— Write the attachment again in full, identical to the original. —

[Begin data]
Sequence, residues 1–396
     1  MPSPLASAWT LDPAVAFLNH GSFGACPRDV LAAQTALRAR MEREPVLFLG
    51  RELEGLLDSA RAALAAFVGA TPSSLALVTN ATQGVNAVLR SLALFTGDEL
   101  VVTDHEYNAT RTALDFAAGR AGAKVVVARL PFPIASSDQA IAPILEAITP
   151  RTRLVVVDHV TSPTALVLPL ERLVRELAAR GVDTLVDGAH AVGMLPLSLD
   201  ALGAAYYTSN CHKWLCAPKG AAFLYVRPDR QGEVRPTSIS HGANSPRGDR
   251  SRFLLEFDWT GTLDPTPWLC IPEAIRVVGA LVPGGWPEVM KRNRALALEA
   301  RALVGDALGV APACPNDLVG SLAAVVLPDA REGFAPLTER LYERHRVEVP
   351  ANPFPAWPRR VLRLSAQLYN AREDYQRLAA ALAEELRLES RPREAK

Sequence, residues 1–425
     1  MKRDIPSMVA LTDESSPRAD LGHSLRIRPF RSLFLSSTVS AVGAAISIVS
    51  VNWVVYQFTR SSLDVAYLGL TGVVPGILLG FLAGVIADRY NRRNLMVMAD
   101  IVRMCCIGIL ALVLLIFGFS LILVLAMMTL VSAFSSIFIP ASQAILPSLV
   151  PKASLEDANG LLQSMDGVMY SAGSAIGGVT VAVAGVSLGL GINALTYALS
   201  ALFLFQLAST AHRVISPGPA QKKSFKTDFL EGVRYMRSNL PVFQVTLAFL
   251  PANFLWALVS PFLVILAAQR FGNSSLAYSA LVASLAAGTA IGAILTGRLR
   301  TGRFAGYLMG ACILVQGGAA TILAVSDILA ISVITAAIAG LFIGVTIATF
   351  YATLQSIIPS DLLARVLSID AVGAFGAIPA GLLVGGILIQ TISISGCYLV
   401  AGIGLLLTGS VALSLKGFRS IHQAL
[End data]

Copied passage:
Sequence, residues 1–396
     1  MPSPLASAWT LDPAVAFLNH GSFGACPRDV LAAQTALRAR MEREPVLFLG
    51  RELEGLLDSA RAALAAFVGA TPSSLALVTN ATQGVNAVLR SLALFTGDEL
   101  VVTDHEYNAT RTALDFAAGR AGAKVVVARL PFPIASSDQA IAPILEAITP
   151  RTRLVVVDHV TSPTALVLPL ERLVRELAAR GVDTLVDGAH AVGMLPLSLD
   201  ALGAAYYTSN CHKWLCAPKG AAFLYVRPDR QGEVRPTSIS HGANSPRGDR
   251  SRFLLEFDWT GTLDPTPWLC IPEAIRVVGA LVPGGWPEVM KRNRALALEA
   301  RALVGDALGV APACPNDLVG SLAAVVLPDA REGFAPLTER LYERHRVEVP
   351  ANPFPAWPRR VLRLSAQLYN AREDYQRLAA ALAEELRLES RPREAK

Sequence, residues 1–425
     1  MKRDIPSMVA LTDESSPRAD LGHSLRIRPF RSLFLSSTVS AVGAAISIVS
    51  VNWVVYQFTR SSLDVAYLGL TGVVPGILLG FLAGVIADRY NRRNLMVMAD
   101  IVRMCCIGIL ALVLLIFGFS LILVLAMMTL VSAFSSIFIP ASQAILPSLV
   151  PKASLEDANG LLQSMDGVMY SAGSAIGGVT VAVAGVSLGL GINALTYALS
   201  ALFLFQLAST AHRVISPGPA QKKSFKTDFL EGVRYMRSNL PVFQVTLAFL
   251  PANFLWALVS PFLVILAAQR FGNSSLAYSA LVASLAAGTA IGAILTGRLR
   301  TGRFAGYLMG ACILVQGGAA TILAVSDILA ISVITAAIAG LFIGVTIATF
   351  YATLQSIIPS DLLARVLSID AVGAFGAIPA GLLVGGILIQ TISISGCYLV
   401  AGIGLLLTGS VALSLKGFRS IHQAL